Some articles on exceptional:
... Twice-exceptional education is a movement that started in the early 1970s with "gifted-handicapped" education, a term essentially referring to the same population ... Still, finding schools that can meet the needs of twice exceptional children can be a challenge for many parents ... Some public schools offer part-time programs for twice exceptional students, where they can progress in subjects like math at their own pace, and meet other students like themselves ...
... Stanley Study of Exceptional Talent (SET) is an outgrowth of the Study of Mathematically Precocious Youth (SMPY) at Johns Hopkins University ... offering rigorous programs for students who exhibit exceptional reasoning ability ...
... The term twice exceptional, often abbreviated as 2e, refers to intellectually gifted children who have some form of disability ... There is no clear-cut profile of twice-exceptional children because the nature and causes of twice exceptionality are so varied ... This variation among twice-exceptional children makes it difficult to determine just how many of them there might be ...
... Mnemonists are people with exceptional memory ... There is strong evidence suggesting that exceptional performance is acquired and that "ordinary" people can improve their memory drastically with the ... reveals that subjects with exceptional performance activate some brain regions that are different from those activated by control participants ...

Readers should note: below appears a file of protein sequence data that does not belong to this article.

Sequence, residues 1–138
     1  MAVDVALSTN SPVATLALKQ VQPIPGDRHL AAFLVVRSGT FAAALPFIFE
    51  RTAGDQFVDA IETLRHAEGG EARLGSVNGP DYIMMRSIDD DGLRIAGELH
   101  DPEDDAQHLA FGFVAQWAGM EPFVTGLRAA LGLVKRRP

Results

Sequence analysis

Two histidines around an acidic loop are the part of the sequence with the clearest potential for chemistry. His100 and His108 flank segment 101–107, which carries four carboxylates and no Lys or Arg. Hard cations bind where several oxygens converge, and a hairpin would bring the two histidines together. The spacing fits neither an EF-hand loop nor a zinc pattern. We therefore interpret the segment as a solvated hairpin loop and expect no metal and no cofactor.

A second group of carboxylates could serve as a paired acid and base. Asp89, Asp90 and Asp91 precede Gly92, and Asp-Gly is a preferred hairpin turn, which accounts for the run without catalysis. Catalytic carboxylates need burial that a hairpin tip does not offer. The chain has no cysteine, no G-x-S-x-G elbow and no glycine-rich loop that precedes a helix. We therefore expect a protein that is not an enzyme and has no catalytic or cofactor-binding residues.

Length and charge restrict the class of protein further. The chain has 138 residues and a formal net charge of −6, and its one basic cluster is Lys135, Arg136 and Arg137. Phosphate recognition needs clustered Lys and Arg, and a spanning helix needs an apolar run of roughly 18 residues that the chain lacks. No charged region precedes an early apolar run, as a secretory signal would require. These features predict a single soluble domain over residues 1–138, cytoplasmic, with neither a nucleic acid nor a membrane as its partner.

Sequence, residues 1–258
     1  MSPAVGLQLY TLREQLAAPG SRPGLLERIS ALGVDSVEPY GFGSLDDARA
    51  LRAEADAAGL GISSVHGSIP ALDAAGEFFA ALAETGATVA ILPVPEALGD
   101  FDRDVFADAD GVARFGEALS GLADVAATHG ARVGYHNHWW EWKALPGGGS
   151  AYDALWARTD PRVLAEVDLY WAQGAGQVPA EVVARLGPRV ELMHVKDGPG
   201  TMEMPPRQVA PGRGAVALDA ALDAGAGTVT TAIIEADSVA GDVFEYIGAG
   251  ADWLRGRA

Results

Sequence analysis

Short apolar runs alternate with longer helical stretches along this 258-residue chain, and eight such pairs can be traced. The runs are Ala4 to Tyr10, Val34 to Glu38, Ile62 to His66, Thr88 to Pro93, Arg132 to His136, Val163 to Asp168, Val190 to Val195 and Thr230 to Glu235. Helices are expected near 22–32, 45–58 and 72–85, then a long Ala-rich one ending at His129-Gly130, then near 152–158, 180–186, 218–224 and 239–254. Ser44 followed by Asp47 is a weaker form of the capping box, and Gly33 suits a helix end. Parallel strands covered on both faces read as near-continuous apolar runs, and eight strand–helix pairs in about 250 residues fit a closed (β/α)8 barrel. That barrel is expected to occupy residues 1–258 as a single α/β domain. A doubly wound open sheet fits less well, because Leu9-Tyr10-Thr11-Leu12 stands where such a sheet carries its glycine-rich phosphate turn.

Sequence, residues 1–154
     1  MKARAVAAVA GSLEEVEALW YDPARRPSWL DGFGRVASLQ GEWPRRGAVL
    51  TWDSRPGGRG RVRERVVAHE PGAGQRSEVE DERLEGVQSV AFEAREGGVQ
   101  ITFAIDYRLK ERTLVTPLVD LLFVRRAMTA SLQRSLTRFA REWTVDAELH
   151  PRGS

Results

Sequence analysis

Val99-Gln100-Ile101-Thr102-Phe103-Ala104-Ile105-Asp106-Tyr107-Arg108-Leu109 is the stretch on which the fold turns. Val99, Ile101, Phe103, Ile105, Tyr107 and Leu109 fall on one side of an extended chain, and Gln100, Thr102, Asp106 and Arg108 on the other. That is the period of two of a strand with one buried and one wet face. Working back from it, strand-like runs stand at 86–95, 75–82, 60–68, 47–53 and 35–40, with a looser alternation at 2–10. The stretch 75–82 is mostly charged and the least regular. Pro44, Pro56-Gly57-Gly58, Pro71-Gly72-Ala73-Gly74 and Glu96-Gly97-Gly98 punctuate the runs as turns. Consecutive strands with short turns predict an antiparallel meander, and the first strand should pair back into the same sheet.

More definitions of "exceptional":
- (adj): Far beyond what is usual in magnitude or degree.
Example: "An exceptional memory"
Synonyms: exceeding, olympian, prodigious, surpassing
- (adj): Deviating widely from a norm of physical or mental ability; used especially of children below normal in intelligence.
Example: "Special educational provisions for exceptional children"
Famous quotes containing the word exceptional:
“I am convinced that, except in a few extraordinary cases, one form or another of an unhappy childhood is essential to the formation of exceptional gifts.”
—Thornton Wilder (18971975)
“I have learned to keep to myself how exceptional I am.”
—Mason Cooley (b. 1927)
“Myths, as compared with folk tales, are usually in a special category of seriousness: they are believed to have really happened, or to have some exceptional significance in explaining certain features of life, such as ritual. Again, whereas folk tales simply interchange motifs and develop variants, myths show an odd tendency to stick together and build up bigger structures. We have creation myths, fall and flood myths, metamorphose and dying-god myths.”
—Northrop Frye (19121991)